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Future Beltline needs ‘emergency repairs’ this summer to keep Atlantans safe

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Some people just refuse to stay off a dangerous closed section of the Southside Trail to-be

This stone bridge with an active rail line above could be an iconic Beltline site one day.
South of downtown, this stone bridge with an active rail line above could be a well-known Beltline destination one day.
Photos: Jonathan Phillips, Curbed Atlanta

This summer, the future Beltline corridor south of downtown is due for some “emergency repairs,” officials say, because Atlanta’s explorers and exercisers refuse to steer clear of certain hazardous sections of the undeveloped loop.

In March, the Beltline acquired a 4.5-mile abandoned railroad corridor in a $25.8 million purchase from CSX Transportation. It will become the Southside Trail, perhaps within a couple of years.

This inverted arc of the 22-mile loop to-be runs from University Avenue to Glenwood Avenue, and it will ultimately link the Eastside and Westside trails.

And while this stretch of the trail is technically closed to the public—and severely overgrown—people keep jogging on it willy-nilly, which, Beltline officials say, is quite dangerous, according to 11 Alive.

Some kudzu patches reportedly hide drops of 30 feet. Elsewhere, a legitimately terrifying sinkhole has opened.

As seen last month, here’s a large sinkhole that Beltline officials have emphasized puts trespassers who approach this area in serious danger.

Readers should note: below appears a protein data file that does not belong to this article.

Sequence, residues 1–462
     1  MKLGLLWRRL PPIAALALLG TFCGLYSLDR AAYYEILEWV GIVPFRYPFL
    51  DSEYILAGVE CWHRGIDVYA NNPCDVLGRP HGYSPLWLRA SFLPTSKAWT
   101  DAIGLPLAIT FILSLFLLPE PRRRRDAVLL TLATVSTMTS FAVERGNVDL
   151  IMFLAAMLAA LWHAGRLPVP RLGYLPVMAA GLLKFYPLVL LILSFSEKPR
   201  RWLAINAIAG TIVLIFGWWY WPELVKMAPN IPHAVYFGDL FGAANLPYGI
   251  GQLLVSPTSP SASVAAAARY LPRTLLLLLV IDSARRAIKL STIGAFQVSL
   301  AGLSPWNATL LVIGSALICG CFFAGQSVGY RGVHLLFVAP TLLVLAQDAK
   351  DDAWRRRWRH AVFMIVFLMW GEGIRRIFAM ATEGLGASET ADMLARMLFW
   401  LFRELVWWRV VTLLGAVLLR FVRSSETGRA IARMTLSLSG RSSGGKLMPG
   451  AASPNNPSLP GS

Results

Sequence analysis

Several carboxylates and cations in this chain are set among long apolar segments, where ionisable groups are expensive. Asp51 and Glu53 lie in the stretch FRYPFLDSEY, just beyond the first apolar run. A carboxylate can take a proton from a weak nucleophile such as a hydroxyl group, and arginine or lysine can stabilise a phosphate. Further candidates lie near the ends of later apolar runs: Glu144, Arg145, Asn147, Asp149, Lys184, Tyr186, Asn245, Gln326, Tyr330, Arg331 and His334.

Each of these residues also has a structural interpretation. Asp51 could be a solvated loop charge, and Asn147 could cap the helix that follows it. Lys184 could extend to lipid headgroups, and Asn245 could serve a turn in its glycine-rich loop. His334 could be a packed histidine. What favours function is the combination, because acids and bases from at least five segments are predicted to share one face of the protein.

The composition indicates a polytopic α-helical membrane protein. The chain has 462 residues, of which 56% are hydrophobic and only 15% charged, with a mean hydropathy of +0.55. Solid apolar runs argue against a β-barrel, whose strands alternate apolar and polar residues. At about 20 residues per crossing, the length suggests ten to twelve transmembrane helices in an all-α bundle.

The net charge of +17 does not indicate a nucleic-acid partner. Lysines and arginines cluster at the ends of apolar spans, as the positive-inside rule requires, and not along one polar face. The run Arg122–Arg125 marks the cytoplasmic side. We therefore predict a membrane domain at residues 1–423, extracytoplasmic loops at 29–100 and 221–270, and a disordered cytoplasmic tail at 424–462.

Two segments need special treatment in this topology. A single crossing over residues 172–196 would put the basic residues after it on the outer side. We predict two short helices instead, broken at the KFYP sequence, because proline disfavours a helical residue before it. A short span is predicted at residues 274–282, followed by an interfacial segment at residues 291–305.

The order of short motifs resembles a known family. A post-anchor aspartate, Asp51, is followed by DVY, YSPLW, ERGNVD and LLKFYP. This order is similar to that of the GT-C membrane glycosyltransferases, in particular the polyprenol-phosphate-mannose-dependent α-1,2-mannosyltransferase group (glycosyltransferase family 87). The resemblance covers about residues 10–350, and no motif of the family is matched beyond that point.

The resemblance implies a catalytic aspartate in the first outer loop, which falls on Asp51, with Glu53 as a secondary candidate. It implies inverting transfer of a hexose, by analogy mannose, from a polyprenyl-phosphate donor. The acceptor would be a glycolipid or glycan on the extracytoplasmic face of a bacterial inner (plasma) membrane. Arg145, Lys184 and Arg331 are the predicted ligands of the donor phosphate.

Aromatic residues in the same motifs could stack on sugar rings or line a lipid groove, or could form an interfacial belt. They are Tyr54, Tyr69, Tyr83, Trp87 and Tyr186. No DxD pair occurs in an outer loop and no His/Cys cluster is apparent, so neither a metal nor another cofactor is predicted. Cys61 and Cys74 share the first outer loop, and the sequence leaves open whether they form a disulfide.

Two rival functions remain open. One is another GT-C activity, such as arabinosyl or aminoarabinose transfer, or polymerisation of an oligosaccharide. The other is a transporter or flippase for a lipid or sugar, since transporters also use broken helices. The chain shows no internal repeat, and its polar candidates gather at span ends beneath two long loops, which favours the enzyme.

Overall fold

Curbed Atlanta

Beltline Engineer Catherine Owens said it could take until March 2019 before this part of the path is user-ready, according to the Atlanta Business Chronicle.

In an effort to stop hooligans from endangering themselves on their newly acquired land, Beltline heads are planning some changes. They’re currently scouting for contractors to make fixes at three specific locations on the Southside Corridor, ABC reported:

  • Between Glenwood and Milton Avenues
  • Between Milton and Boulevard Avenues, next to D.H. Stanton Park
  • At an existing sand chute between Glenwood Avenue and Berne Street

Beltline brass aims to improve the storm drainage systems at two places where erosion has chewed up the land, and the sand chute needs to be filled in, too.

There are, in fact, “No Trespassing” signs dotting the closed trails, but fixes are needed because people are clearly going to keep disregarding the warnings.

Beltline officials will be on site with contractors June 6 to assess the damage.